Rare and Common: Advanced Reading in Conservation and Ecology (BIO4321.01)

Caitlin McDonough Mackenzie

Quantifying and monitoring the abundance of particular organisms is often the major endeavor in conservation and ecology research. We work to protect endangered species, facilitate the recovery of threatened species, reduce invasive species, and restore historically present species, but we also understand that even absent human pressures, some species are more rare than others. How do ecologists understand what makes some species rare and others common? What impacts do rarity or commonness have on ecosystem structure and function? How do human-caused changes in abundance shift these dynamics? In this class, we will explore questions of rarity and commonness through peer-reviewed papers in ecology and biological conservation. We’ll unpack how scientists have defined and framed rare and common species in papers spanning four decades of research. Finally, we will connect our ecological understandings of “rare” and “common” to conservation policy-making and management.

Learning Outcomes:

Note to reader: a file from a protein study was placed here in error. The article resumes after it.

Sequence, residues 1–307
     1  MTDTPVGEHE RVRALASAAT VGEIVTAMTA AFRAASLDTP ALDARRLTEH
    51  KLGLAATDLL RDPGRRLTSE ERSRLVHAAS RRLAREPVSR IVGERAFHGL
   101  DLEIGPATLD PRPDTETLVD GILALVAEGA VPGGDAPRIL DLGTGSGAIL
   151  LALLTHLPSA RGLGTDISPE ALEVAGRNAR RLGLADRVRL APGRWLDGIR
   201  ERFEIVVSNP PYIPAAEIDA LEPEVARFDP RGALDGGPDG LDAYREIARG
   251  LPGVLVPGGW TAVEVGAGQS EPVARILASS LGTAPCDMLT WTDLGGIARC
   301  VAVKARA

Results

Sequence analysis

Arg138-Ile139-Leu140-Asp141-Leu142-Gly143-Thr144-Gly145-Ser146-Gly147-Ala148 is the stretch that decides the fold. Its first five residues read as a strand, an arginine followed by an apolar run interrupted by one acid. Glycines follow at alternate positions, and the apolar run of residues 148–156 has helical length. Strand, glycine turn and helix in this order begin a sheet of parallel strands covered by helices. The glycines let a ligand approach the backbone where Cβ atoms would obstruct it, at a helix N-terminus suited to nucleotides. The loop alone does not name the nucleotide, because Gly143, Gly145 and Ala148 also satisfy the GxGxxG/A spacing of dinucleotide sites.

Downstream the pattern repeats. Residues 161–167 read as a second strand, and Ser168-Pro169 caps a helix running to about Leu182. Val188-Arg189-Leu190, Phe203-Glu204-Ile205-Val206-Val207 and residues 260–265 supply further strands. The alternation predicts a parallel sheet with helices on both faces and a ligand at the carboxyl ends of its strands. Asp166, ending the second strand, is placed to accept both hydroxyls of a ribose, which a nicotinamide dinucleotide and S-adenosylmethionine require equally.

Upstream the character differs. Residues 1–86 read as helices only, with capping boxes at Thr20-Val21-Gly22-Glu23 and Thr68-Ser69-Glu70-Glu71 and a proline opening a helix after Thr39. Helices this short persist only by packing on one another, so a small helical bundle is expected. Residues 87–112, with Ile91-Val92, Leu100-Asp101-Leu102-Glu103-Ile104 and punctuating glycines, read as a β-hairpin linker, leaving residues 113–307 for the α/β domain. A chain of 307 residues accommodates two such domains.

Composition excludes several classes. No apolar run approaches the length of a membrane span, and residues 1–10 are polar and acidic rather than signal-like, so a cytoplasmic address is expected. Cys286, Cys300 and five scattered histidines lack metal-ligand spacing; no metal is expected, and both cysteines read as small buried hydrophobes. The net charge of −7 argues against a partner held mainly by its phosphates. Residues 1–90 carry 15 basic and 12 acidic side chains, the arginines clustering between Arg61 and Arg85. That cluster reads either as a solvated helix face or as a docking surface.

1. Read and interpret peer-reviewed literature in the fields of conservation and ecology.
2. Evaluate how ecology research is used to support conservation management. Insert yourself into the scholarly conversations on rarity, commonness, changes in abundance, conservation, and management.
3. Reflect on individual approaches to reading, research, and writing in STEM. Examine and assess your (maybe unconscious) practices, and identify the strategies that best support your process.

Delivery Method: Fully in-person
Prerequisites: 2000-level ecology course or instructor permission (contact: cmcdonoughmackenzie@bennington.edu).
Course Level: 4000-level
Credits: 2
W 10:00AM - 11:50AM (Full-term)
Maximum Enrollment: 16
Course Frequency: Every 2-3 years

Categories: 4000 , All courses , Biology , Environment , Four Credit , Fully In-Person
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